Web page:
Anthony’s recommended comic strips and webcomics

Here’s what comic strips and webcomics I recommend, including classic strips that ended their runs. All of the strips below are available either in print compilations or have online archives.

Daily newspaper comics

  • Peanuts.
  • Calvin and Hobbes.
  • The Far Side.
  • Doonesbury.
  • For Better or For Worse.
  • Bloom County (original series).
  • Monty. (www.gocomics.com/monty) A comic about a geeky guy and his misadventures.
  • Pearls Before Swine. (www.gocomics.com/pearlsbeforeswine) A comic about a cynical rat, his dopey pig roommate, and various other characters. Prone to making lots of bad puns or taking shots at the strip’s own creator, who’s an in-story character.

Weekly newspaper comics

  • FoxTrot. (www.foxtrot.com)
  • A Couple of Guys. (www.facebook.com/acoupleofguys) A comic about a gay couple in New York and their cast of friends.
  • Kyle’s Bed & Breakfast. (kylesbnb.blogspot.com) A comic about a gay-oriented bed and breakfast in suburban New York.
  • This Modern World. (thismodernworld.com) A long-running political cartoon that runs in weekly papers. Occasionally features a penguin named Sparky, who unlike “Bloom County”‘s Opus, isn’t remotely naïve or clueless.

Webcomics

Not Invented Here: Runtime Error cover
Art by Paul Southworth.
  • Kate or Die. (comicsalliance.com/category/kate-or-die-2/) Kate Leth’s occasionally updated series of comics about the comic industry.
  • Diesel Sweeties. (www.dieselsweeties.com) A comic with artwork in the style of old-school 8-bit video game characters. Features lots of coffee jokes.
  • Dinosaur Comics. (www.qwantz.com) The same clip art of a green T. rex and a few dinosaur cohorts, but with different dialogue every day.
  • Hark, A Vagrant! (www.harkavagrant.com) Comics about various historical figures, often dating from during or before the Victorian Age.
  • Not Invented Here. (notinventedhe.re) A comic about the staff of a dysfunctional software company.
  • Scandinavia and the World. (satwcomic.com) A comic about the countries of the world as people, focused mainly on the Nordic countries.
  • The Joy of Tech. (www.geekculture.com/joyoftech) A comic making fun of recent developments at the major tech companies.
  • The Non-Adventures of Wonderella. (nonadventures.com) A superhero parody starring Wonderella, who’s basically Wonder Woman if she were Karen Walker from “Will and Grace.” That is, she’s vapid, selfish, drinks often, and does her superhero job in an inept manner.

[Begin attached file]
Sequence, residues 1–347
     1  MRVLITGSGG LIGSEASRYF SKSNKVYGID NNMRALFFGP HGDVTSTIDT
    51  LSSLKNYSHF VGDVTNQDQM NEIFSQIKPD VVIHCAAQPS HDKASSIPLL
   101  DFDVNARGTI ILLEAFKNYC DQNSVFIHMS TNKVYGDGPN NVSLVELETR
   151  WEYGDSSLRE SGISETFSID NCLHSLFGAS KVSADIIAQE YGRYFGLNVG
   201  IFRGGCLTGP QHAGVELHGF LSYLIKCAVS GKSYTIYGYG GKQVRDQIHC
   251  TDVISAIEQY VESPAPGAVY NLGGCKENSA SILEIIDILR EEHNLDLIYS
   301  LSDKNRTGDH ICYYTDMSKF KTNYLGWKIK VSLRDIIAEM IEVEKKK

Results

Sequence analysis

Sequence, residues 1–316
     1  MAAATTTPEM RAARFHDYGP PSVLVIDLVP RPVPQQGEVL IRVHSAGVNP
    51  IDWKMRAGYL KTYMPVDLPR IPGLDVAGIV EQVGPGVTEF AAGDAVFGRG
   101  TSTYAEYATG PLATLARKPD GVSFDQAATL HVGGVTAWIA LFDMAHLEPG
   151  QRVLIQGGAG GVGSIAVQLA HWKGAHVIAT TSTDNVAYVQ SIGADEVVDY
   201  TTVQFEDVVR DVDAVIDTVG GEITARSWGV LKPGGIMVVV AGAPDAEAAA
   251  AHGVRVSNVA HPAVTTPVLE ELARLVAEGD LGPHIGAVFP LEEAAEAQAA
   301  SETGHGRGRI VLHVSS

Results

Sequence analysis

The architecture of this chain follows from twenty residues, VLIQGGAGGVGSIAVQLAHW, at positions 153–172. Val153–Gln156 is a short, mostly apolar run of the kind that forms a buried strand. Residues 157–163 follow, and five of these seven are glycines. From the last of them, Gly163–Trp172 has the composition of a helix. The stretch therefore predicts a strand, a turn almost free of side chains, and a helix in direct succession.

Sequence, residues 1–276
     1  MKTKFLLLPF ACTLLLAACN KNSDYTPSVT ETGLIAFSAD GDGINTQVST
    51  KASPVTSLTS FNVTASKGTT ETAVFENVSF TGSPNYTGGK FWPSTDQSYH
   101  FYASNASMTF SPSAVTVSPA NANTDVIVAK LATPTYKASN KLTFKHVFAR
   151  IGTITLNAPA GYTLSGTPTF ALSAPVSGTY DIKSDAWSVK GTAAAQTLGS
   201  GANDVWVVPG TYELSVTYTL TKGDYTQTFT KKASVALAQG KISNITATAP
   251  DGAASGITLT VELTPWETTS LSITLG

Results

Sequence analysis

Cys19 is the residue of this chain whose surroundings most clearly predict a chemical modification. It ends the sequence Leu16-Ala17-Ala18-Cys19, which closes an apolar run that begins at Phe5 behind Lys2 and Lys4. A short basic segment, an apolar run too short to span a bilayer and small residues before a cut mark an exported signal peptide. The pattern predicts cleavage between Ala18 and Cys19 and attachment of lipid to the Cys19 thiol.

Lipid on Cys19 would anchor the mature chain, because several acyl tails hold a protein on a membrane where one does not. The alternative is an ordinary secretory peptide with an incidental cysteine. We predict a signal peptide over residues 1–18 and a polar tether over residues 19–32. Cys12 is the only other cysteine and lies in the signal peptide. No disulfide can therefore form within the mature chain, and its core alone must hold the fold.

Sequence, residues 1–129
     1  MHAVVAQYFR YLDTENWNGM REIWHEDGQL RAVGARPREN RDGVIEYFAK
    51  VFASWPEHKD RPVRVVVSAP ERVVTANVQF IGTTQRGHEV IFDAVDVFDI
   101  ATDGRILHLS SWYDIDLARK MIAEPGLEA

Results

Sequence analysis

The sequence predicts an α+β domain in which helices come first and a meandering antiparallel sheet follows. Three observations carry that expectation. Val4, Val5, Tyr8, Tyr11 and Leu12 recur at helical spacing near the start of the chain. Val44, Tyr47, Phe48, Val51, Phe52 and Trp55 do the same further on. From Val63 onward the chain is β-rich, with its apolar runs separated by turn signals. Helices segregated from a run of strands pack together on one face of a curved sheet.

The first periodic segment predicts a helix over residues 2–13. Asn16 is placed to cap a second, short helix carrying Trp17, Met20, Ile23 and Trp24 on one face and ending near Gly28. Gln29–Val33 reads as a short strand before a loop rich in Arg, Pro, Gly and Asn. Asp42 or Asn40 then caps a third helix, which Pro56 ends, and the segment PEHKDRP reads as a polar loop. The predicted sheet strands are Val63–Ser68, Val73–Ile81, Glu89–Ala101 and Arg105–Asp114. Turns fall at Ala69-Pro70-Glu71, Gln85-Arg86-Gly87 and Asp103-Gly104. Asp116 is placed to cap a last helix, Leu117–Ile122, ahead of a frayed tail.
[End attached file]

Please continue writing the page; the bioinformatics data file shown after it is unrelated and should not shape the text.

• The Oatmeal. (theoatmeal.com)
  • Unshelved. (www.unshelved.com) A comic about the hard-pressed staff at a public library.
  • Bloom County. (www.gocomics.com/bloom-county) “Bloom County” is back, now as a webcomic.
  • Questionable Content. (www.questionablecontent.net) A long-running webcomic that’s a “slice of life” story set in a “twenty minutes into the future” setting, with sentient robots, etc.
  • My Cage. (www.gocomics.com/mycage) A comic set in an all-funny animal world, about a platypus stuck in an awful dysfunctional office.
  • AJ & Magnus. (www.gocomics.com/aj-and-magnus) A comic strip that’s basically “Calvin and Hobbes,” but with two Dads… and they have actual names, though AJ calls them “Dad” and “Pop.”
  • CommitStrip. (www.commitstrip.com/en/) A webcomic about the daily lives of web developers.

Conclusion

While there’s plenty of classic newspaper comics, webcomics are where the majority of comic strip innovation lies these days.

(Updated 8/5/17)

One comment

  1. Since you go with some older strips I used to follow this in the Chicago Daily Defender:
    https://en.wikipedia.org/wiki/Luther_%28comic_strip%29

    Incidentally they are wrong about it being the second “mainstream” comic to feature African Americans. There was that woman in the forties whose name I’ve forgotten. She did a strip which I found originally in the archives of a New Hampshire paper whose community didn’t include blacks till years later. To me that means it’s as much mainstream as ever Brick Bradford was.

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